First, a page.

Still, there is one possibly accurate insight here. It is that Obama, assuming he really does intend to make good on his campaign promise to engage Iran, might prefer dealing with the devils he knows -- Khamanei and Ahmadinejad -- to whoever winds up on top of the upturned apple cart. This is actually a point that is understood far better on the right than on the left. Jeanne Kirkpatrick, to pick one example, wrote a famous essay on why the US generally prefers dealing with dictators. Henry Kissinger is another well versed expert on the subject. Even Jimmy Carter is an example: he found it much easier to deal with Egyptian dictator Anwar Sadat than with Israeli demagogue Menachem Begin. Dictators, at least, are in positions where they can make deals, whereas democrats are often at the mercy of the checks and balances of their systems. (One recalls, for instance, all the treaties Clinton signed, like Kyoto, that Congress never ratified.)

Still, I doubt that Obama has a practical, let alone moral, preference for dictators. More likely he's just being realistic, taking the world as he finds it rather than trying to recast the acts of others into his moral universe. One of the worst habits American politicians and pundits have is to view the choices of other nations through their own political prism -- a rare trait shared by most on both left and right. Obama almost uniquely recognizes that it's not his choice or preference who governs in Iran. His position may be pragmatic, recognizing that since there is nothing constructive he can do there's no point taking sides, or he may, more deeply, understand that as an American, responsible for US interests, he can't honestly judge what's best for Iranians. Either way, what he's doing isn't ideological, neither left nor right. No wonder McCarthy is so befuddled: he can't imagine someone disciplined enough not to let their politics overwhelm their responsibilities.

McCarthy is, like most of the Bomb Iran contingent, quick to jump to the conclusion that the enemy of his enemy must be some sort of good guy. In reality, the reform movement in Iran is carefully positioning itself as the true heir of the Revolution. They make much of Shiite religious tradition, especially the cult of martyrdom, much as the 1979 revolutionaries did. Their characterization of the "dictators" links Ahmadinejad directly to the Shah. A reformed Iran may mean a lot of good things for the individual freedom of Iranians, but it's unlikely to change much in Iran's foreign policy. Obama has charted a diplomatic course, trying not to jeopardize future relationships for any conceivable outcome. That's a dilligence that the Bomb Iran crowd needn't trouble themselves with. They may be happy to cheer the reformers on right now, but they'll be even happier when they can resume their Bomb Iran campaign.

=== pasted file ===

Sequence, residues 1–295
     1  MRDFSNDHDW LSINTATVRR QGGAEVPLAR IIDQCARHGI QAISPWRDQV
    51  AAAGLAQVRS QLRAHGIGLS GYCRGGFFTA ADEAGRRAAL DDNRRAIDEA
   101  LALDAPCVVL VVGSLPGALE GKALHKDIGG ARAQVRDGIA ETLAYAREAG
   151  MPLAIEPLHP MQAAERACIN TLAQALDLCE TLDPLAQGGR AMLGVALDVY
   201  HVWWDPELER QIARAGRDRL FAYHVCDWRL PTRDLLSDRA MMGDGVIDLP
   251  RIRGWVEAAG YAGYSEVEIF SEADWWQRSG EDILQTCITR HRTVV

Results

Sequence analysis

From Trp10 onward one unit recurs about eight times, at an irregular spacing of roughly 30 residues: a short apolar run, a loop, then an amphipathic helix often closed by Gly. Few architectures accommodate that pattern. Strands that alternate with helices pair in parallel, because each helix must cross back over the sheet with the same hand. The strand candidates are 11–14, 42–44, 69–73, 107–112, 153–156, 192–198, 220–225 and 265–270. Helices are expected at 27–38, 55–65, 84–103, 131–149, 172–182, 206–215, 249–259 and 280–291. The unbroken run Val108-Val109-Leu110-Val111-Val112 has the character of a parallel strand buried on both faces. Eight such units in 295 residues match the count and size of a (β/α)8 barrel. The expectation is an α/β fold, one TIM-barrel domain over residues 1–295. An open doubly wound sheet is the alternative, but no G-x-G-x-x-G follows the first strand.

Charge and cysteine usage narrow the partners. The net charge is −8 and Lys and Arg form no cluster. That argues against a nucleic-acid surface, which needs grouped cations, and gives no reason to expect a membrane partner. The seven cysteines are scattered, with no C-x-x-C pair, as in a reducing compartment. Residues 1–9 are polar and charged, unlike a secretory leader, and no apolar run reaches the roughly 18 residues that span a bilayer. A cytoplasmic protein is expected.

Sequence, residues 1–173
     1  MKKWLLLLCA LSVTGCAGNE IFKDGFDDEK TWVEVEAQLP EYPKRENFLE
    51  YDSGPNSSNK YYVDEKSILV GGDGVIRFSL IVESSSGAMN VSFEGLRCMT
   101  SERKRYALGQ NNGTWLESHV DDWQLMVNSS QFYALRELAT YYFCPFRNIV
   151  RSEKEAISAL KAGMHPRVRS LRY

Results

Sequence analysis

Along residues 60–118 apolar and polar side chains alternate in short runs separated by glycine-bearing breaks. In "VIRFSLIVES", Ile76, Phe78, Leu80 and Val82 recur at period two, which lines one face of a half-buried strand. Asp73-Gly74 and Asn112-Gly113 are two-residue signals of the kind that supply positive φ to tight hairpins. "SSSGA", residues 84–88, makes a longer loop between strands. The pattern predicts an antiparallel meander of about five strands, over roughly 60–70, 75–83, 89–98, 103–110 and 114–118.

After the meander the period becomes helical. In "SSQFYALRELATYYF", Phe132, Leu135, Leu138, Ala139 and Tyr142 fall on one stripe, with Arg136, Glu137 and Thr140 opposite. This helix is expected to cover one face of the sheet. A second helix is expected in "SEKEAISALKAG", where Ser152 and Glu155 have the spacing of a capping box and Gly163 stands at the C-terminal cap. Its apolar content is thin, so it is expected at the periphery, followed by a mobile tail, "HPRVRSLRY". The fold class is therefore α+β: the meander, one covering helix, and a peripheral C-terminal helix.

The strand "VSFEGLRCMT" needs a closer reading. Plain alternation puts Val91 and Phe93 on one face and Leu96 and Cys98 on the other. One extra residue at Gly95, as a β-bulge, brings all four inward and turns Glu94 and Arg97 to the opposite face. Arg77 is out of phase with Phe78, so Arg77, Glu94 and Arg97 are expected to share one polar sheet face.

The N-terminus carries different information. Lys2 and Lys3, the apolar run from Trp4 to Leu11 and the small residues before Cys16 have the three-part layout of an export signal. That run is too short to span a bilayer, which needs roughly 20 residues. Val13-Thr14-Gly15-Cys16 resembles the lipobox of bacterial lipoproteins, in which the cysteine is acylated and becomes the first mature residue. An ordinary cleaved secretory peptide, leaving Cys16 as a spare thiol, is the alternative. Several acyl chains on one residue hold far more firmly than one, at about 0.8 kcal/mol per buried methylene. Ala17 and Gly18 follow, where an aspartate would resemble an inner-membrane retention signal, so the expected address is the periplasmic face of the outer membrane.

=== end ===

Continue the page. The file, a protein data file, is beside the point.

Alex Koppelman: What happened to the right's skill with language? The utter nonsense of McCarthy and Jonah Goldberg is just the tip of Mount Everest on the right. They've been dumbing down at an alarming rate for a while now:

Whatever happened to the right's skill at fighting political battles by using language as a primary weapon? Death tax, socialized medicine, partial-birth abortion -- those were the good old days of the Republican message wars. The new messaging reads, sometimes, like it was written by a bunch of kids too busy sticking their tongues out at each other to really give the wording much thought. They turned "stimulus" into "porkulus," dubbed General Motors "Government Motors" and unsuccessfully pushed a resolution in the Republican National Committee that called upon the Democratic Party to start referring to itself as the Democrat Socialist Party.

The Frank Luntz advice on how to derail health care reform is more sophisticated: it involves pretending to embrace reform and thereby stinking it up as much as possible. (You always know when the Republicans are bucking their polling because that's when they resort to subterfuges like Healthy Forests.) But as the GOP shrinks, more and more they fall back on the Reagan idea that name calling -- think Evil Empire -- shows resolve and moral courage. Hence, once they tag it ObamaCare they figure they've won. If they keep it up, maybe they'll shrink enough we can drown them in a bathtub.

Wednesday, June 24, 2009

Slim Picks

Slim: List of past picks of the week: Now, this is depressing, for me anyway. Slim works for the Cadence Magazine/North Country Audio empire up in the Adirondacks somewhere. They have a couple of their own labels (Cadence Jazz, CIMP), and distribute hundreds more obscure jazz labels -- more than anyone else in the US by a huge margin. There are things about the company that are endearing and things that are maddening, but I don't want to get into that now. I first bumped into Slim dealing with order issues, long time ago. A few years back she started writing a column in Cadence magazine: rather informal, offhanded even, noting some recent faves. Hadn't noticed her "pick of the week" selections in the email -- had gotten into the habbit of deleting it instantly. But I always appreciate a good tip, so this time I checked out the master list. Now comes the depressing part: I hear a lot of new jazz, including a lot of real obscure avant-garde stuff, but I've only heard one of sixty-some Slim picks: Katie Bull's Love Spook. I suppose I could slough the whole thing off by noting that I gave Love Spook a sad B- grade. Still, I can't help but think how much I'm missing and how hard it would be to ever catch up. (Who, for instance, are Perhenrik Wallin, Peter Gullin, Piotr Wojtasik?) As it is, I've only rarely gotten service from Cadence/CIMP, a label that requires more constant prodding than I've felt up to. Other labels (like Dragon and Power Bros, the source of the three artists I just listed) have proven impossible to track down, or at least unresponsive. And even if I did somehow get everything I'd like to hear I'll never find time to do it justice -- that in itself is one thing that inhibits me from asking. So, this is depressing: both as a measure of the known unknown, and for its sense of how unknowable the unknown is.